Using films to support large-scale training on Striga and soil fertility management in Mali
For the past 40 years, scientists from international research organizations such as the International Crops Research Institute for the Semi-Arid-Tropics (ICRISAT), the International Maize and Wheat Improvement Center (CIMMYT) and the International Institute of Tropical Agriculture (IITA) have invested heavily in finding solutions to one of the world’s most troublesome weeds, known as witchweed or Striga. Of great concern to African farmers, this parasitic weed damages maize, sorghum, millet, rice and fonio. While developing Striga-resistant crop varieties is a key area of research in Striga control, researchers have also developed insights into how soil fertility management and other options can help to reduce Striga.
Over the years, scientific knowledge alone has proved insufficient in managing Striga, as researchers and agricultural extension agents have struggled to communicate effectively with farmers on the complex processes of managing the weed. Since 2006, ICRISAT and partners have conducted farmer field schools to experiment with a wide range of Striga control options. As a result, practical and profitable integrated Striga and soil fertility management (ISSFM) practices were developed for pearl millet and sorghum. However, bottlenecks such as the scarcity of skilled trainers and maintaining quality training have hampered efforts in scaling up the new practices.
But new efforts and intense collaboration between a private company Agro-Insight and ICRISAT partners in Niger, Nigeria, Ghana and Mali have led to the production of a series of 10 farmer-to-farmer videos on ISSFM practices. The films, produced in French and English and translated into six other major West African languages (Bambara, Bomu, Hausa, Mooré, Peulh and Zarma), were first produce in 2012.
Partnerships for distribution, viewing and use of ‘Fighting Striga’
The series of films, which are packaged in DVDs, is called ‘Fighting Striga’ and a comprehensive distribution and monitoring plan for the films was made with key stakeholders from Mali, Niger, Nigeria and Burkina Faso. Partners included local, national and regional organizations, ranging from national research institutes, chambers of agriculture and NGOs to farmers’ organizations, rural radio stations and seed companies. Of 30,000 DVDs produced in Mali and Nigeria, over 20,000 copies have already been distributed to a range of organizations and individuals, representing old and new partners. ICRISAT distributed individual or large quantities of DVDs to partners and other strategic development agencies (first level), These first level partners further distributed the DVDs within their networks (second level), which in turn distributed copies even further (third level). Intensive data collection and monitoring reveals that within a year the DVDs had reached over 2,000 representatives of about 700 organizations from 43 countries.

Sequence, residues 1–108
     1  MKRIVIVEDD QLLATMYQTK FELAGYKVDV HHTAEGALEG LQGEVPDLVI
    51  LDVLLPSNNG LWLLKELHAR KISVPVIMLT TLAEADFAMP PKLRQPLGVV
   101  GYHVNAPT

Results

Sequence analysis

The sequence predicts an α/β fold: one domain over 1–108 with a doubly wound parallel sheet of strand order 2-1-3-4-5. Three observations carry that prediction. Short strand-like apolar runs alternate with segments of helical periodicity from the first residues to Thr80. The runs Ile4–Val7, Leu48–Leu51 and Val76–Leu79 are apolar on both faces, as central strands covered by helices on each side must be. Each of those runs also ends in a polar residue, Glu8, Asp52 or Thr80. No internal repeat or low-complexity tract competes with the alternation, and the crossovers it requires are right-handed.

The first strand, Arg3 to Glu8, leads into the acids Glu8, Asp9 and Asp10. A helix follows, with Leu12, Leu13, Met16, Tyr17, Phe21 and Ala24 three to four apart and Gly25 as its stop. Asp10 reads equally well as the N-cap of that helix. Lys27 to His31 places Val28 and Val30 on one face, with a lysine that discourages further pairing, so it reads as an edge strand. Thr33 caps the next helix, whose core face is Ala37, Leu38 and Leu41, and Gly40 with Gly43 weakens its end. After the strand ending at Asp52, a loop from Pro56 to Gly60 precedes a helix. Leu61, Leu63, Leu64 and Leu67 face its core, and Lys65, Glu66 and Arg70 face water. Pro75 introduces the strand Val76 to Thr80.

Partnerships were key to large-scale viewing and dissemination of the videos as the numbers of viewers rose to over 15,000 within 9 months, mostly as a result of partners’ efforts. Although it has been a challenge to collect feedback from (especially non-contracted) partners, many enthusiastic new partners have provided interesting feedback. Several NGOs, farmers’ organizations and rural radio broadcasters have responded positively to the request for feedback and often requested more DVDs, technical support documents and training of their field agents. According to them, the videos represent an opportunity to quickly acquire new knowledge on the subject and to engage with large numbers of farmers for exposure to, and discussions about, ISSFM. They also noticed a shift in the roles of field agents, technicians and researchers, who evolved from being teachers to facilitators in knowledge exchange between farmers and other stakeholders.